Sleep, like eating and breathing, is an essential part of the daily life cycle. Although the science is still emerging, sleep plays an important role in immune, cardiovascular, and neurocognitive function. Despite its great importance, nearly 40% of U.S. adults experience problems with sleep ranging from insufficient total sleep time, trouble initiating or maintaining sleep (Insomnia), circadian rhythm disorders, sleep-related movement disorders, and sleep-related breathing disorders such as obstructive sleep apnea (OSA). Herein, we discuss new evidence that suggests that sleep may also affect carcinogenesis. Specifically, we review recent epidemiologic data suggesting links between cancer and OSA. As OSA is a common, underdiagnosed, and undertreated condition, this has public health implications. Intriguing animal model data support a link between cancer and sleep/OSA, although mechanisms are not yet clear. Leaders in the fields of sleep medicine, pulmonology, and oncology recently met to review and discuss these data, as well as to outline future directions of study. We propose a multidisciplinary, three-pronged approach to studying the associations between cancer and sleep, utilizing mutually interactive epidemiologic studies, preclinical models, and early-phase clinical trials. Cancer Prev Res; 9(11); 821–7. ©2016 AACR.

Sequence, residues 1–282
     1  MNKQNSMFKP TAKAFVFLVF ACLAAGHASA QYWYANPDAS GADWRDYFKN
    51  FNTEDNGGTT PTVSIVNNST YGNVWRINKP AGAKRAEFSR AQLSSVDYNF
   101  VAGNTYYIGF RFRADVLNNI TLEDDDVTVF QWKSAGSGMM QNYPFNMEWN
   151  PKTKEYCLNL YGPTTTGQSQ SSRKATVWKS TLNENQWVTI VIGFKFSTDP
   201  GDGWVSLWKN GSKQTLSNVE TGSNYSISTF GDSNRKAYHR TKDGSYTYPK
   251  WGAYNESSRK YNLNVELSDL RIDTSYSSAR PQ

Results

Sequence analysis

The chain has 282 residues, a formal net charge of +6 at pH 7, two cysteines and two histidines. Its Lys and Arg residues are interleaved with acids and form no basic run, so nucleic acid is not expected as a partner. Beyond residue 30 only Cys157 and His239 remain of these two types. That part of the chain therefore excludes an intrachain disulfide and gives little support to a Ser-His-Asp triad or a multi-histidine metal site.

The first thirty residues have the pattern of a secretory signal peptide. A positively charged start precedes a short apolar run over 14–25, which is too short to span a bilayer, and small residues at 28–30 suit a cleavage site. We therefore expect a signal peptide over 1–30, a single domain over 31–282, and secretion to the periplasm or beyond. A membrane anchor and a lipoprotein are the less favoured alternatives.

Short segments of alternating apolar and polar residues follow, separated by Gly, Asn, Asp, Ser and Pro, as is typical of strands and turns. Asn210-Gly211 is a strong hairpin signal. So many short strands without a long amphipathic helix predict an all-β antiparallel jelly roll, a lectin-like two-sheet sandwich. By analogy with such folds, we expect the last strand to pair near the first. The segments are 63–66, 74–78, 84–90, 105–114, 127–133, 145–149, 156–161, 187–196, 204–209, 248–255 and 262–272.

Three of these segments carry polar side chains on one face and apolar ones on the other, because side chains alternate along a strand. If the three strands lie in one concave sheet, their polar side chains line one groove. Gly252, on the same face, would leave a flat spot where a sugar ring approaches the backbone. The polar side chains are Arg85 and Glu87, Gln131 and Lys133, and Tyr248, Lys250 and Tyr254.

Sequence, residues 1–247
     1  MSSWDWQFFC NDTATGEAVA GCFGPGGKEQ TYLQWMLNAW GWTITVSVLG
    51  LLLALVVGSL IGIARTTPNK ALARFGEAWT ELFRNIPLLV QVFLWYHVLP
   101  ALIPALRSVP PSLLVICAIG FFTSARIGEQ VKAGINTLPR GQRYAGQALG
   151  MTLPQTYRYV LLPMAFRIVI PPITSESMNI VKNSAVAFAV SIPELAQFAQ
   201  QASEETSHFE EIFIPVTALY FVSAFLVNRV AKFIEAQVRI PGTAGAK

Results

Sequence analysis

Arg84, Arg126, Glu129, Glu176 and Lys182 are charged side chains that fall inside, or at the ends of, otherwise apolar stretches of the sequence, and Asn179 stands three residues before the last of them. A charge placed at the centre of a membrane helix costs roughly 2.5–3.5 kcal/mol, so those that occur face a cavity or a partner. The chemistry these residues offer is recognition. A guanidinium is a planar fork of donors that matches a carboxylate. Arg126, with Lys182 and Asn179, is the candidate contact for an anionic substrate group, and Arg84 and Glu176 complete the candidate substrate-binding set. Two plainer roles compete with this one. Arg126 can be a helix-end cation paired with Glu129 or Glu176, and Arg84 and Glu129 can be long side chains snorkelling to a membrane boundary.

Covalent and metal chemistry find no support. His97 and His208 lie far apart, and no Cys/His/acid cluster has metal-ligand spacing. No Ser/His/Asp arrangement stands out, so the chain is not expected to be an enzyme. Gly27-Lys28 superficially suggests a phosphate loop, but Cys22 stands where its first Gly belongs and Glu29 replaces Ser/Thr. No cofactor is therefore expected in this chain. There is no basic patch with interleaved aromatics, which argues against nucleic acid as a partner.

- Received April 12, 2016.
- Revision received July 15, 2016.
- Accepted August 15, 2016.
- ©2016 American Association for Cancer Research.